FLDS allegedly forcing parents to give up children
Published: Thursday, March 21st, 2013
A recent defector from the Fundamentalist Church of Jesus Christ of Latter-Day Saints (FLDS) said she and her family walked away from an FLDSâï¿½ï¿½compound in Utah due to fears of being separated from each other.
In a Notice of Filing Declaration filed Feb. 14 in the Fifth Judicial District Court, Washington County, State of Utah, plaintiff Suzette Steed filed for a temporary restraining order from Warren Jeffs, the self-proclaimed “prophet” of the FLDS, and other FLDS members, Lyle Jeffs, Lynda Peine and Patricia Peine.
In the filing, Steed said she took her six daughters and fled her home in Short Cree, after she feared that she was about to have one or more of her children taken from her.
Earlier in the day, her oldest daughter, who is a member of the FLDS’ “United Order” (UO), attended a church meeting only for UOâï¿½ï¿½members and was further instructed by Lyle Jeffs, who is the Bishop of Short Creek.
What her oldest daughter told her when she returned home helped she and her daughters—ages 6 to 17—make the final decision to leave immediately.
“My oldest daughter was shaking in fear as she told us that in addition to sacrificing all worldly possession, those admitted into the UOâï¿½ï¿½would now be required to cease all contact with everyone who had not qualified,”âï¿½ï¿½the court document says. That means completely ending all relationships with any parent, child or sibling who had not been admitted into the UO.
Parents in the UOâï¿½ï¿½would only be allowed to maintain a stewardship over their children if their children had also been admitted into the UO. No other family members would be allowed direct or indirect access to the Bishop’s Storehouse to meet their daily needs.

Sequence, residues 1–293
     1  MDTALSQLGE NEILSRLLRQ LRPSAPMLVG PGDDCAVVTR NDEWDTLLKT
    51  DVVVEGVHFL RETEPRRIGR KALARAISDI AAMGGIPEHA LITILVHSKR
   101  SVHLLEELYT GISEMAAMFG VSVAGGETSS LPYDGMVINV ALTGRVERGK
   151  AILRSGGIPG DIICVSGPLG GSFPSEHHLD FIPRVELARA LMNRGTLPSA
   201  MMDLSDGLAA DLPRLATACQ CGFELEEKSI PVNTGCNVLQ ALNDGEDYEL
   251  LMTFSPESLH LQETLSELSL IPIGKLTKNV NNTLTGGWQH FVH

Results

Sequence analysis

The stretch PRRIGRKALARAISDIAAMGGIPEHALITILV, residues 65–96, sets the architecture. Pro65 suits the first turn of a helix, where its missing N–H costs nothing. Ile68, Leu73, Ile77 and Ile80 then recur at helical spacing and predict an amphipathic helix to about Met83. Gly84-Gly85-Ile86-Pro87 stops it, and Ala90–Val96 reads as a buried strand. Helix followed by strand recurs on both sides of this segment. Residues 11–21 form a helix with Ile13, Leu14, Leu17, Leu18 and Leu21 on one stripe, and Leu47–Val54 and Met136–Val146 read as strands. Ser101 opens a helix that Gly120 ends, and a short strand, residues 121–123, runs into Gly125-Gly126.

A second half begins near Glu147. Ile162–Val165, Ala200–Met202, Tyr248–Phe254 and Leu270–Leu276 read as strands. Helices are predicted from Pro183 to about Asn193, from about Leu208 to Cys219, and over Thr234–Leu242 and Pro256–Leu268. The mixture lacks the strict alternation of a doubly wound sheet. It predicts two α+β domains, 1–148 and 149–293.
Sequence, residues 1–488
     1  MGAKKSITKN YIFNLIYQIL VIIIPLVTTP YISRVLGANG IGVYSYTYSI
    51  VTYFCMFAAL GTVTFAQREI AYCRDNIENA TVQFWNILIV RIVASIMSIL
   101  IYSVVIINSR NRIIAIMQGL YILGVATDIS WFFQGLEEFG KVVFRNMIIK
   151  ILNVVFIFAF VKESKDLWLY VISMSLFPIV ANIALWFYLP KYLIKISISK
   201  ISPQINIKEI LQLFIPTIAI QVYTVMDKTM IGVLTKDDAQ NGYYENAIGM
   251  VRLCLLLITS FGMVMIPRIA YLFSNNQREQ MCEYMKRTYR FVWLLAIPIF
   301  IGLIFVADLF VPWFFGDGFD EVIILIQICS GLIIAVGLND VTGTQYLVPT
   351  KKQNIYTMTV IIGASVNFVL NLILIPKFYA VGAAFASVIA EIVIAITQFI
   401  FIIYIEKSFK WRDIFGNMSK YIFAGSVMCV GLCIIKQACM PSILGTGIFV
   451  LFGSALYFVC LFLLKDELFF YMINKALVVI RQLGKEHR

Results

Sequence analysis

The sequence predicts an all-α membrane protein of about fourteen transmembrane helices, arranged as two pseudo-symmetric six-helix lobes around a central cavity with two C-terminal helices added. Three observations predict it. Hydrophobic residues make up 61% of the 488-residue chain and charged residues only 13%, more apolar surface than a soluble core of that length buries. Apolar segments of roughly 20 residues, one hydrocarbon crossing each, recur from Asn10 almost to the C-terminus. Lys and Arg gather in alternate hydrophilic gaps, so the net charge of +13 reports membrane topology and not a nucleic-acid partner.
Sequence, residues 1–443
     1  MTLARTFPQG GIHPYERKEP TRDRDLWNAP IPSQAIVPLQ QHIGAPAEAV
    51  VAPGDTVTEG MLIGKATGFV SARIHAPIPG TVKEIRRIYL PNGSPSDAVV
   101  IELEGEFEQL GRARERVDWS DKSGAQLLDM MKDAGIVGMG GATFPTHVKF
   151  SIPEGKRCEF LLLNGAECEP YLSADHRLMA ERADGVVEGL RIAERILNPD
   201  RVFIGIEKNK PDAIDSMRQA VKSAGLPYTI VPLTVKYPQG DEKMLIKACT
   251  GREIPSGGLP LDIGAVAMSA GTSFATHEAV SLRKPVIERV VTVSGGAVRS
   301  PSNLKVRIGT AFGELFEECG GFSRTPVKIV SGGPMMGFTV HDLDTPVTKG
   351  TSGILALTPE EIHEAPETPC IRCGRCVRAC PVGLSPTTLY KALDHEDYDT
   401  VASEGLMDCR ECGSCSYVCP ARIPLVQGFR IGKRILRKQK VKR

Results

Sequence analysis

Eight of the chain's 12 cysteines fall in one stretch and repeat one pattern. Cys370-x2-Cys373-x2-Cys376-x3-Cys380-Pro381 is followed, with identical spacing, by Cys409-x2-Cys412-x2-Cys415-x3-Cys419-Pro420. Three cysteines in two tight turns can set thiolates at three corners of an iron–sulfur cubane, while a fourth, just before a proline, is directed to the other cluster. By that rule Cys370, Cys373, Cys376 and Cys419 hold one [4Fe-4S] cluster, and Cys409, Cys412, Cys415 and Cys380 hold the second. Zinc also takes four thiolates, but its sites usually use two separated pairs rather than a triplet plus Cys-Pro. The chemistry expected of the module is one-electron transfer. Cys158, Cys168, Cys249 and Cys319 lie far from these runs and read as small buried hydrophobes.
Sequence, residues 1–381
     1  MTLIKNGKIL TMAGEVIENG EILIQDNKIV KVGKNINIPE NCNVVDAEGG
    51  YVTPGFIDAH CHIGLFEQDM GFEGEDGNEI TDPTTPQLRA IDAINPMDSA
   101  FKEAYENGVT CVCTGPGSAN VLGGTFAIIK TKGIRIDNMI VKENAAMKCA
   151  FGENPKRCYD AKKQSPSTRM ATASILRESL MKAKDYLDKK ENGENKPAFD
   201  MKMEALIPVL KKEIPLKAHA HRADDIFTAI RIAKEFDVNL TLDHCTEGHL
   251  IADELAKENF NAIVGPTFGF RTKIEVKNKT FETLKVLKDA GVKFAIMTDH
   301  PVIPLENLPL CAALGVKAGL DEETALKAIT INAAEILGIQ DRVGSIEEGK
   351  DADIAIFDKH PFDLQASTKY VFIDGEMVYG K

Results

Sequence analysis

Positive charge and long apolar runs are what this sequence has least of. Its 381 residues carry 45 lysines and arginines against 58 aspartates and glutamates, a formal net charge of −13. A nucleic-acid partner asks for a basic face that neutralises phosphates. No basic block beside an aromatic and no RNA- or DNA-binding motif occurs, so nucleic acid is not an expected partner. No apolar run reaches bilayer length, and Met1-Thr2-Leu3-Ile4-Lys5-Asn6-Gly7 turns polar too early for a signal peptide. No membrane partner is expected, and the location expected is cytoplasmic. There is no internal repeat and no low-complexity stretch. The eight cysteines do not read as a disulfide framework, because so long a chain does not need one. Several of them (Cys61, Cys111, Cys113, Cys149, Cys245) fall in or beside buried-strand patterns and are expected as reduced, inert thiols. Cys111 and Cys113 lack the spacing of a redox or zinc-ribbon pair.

On Nov. 19, 2011, Steed said her husband of 28 years was ordered by Lyle Jeffs to leave his family, and he drove away just before the 7 p.m. deadline. She said she has not seen or heard from him since, and she does not have any information about where he is or how he is doing.
At the beginning of January, according to the court document, husbands and wives were directed not to have marital relations with each other unless they obtained permission from the bishop to procreate priesthood children. Then, in mid-January, many FLDSâï¿½ï¿½children, including Steed’s, were invited to special UOâï¿½ï¿½meetings without their parents. At those meetings, they were taught about secrets about the UO. When she asked her daughters what had transpired and what they had been instructed, she was told they were forbidden from telling.
“All of this added to my growing worry about what was happening,”âï¿½ï¿½she said.
When five of her daughters were admitted into the UO, and she and her 12-year-old were not, Steed said things became too much to bear, despite her “life-long” belief in the FLDSâï¿½ï¿½church.
“The bishop was using the United Order to separate children from mothers,”âï¿½ï¿½she said. “We had to make life-changing decisions and with very little time.”
On the afternoon of Jan. 29, she and her six daughters took a Sunday walk as they often did. To draw no attention, they took nothing but the dresses they were wearing, except one daughter, who had packed a small bag with some of her things and a camera.
The group was able to sneak into the home of an FLDSâï¿½ï¿½apostate, who hid the group until it was dark enough to drive them out of Short Creek and north to beaver, Utah, where they met by another vehicle that drove them to Salt Lake City to a temporary home.